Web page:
Your favorite Middlemarch edition
May 2, 2014 1:44 PM   Subscribe

I'm a few chapters into Middlemarch and am really enjoying it; however, my edition has endnotes and there are a lot of them, so I find myself having to flip to the end of the book several times per page to read them. This is really annoying. Do you have a favorite edition that does a good job of explaining references by using footnotes? My local library system carries many editions and there are even more available for sale online, but I can't tell which ones use footnotes.
posted by megancita to Media & Arts (6 answers total) 5 users marked this as a favorite
Can you clarify if an ebook is a no-go? That's what I used for War and Peace... all the notes are hyperlinked in both directions.
posted by selfnoise at 1:57 PM on May 2, 2014

E-book is not an option.
posted by megancita at 3:03 PM on May 2, 2014

Grab a Norton Critical edition?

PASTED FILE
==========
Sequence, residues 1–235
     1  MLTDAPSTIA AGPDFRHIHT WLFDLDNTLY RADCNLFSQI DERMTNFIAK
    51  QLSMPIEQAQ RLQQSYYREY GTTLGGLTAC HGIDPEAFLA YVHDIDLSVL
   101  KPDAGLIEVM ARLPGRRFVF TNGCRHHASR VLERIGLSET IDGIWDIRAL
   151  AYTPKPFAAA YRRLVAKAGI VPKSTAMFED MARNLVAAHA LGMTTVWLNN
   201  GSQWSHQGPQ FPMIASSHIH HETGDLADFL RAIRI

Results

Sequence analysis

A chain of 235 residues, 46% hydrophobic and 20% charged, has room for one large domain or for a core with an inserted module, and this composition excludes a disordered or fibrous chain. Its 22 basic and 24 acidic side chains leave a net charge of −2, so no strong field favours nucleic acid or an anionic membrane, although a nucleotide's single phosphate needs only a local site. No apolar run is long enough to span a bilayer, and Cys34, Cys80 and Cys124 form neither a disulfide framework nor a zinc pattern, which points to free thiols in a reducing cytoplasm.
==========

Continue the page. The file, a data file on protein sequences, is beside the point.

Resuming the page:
posted by thomas j wise at 3:08 PM on May 2, 2014 [1 favorite]

I can't find my copy of Middlemarch anywhere, but the Barnes and Noble Classics line, of all things, puts out an edition of Daniel Deronda that has footnotes, so I'd assume their Middlemarch does too!
posted by mittens at 4:30 PM on May 2, 2014

My Broadview edition has copious and excellent footnotes, as well as a bunch of good supplementary material.
posted by beatrice rex at 7:00 PM on May 2, 2014

This is going to sound super obvious (in retrospect), but for books that just have endnotes, and don't have footnotes - use two bookmarks.

So much easier to flick between what you are reading, and the endnotes. I never thought to do this until I had a book that had two sets of endnotes (so, three bookmarks), and it just made it not an annoyance anymore.
posted by Elysum at 5:40 AM on May 3, 2014 [1 favorite]

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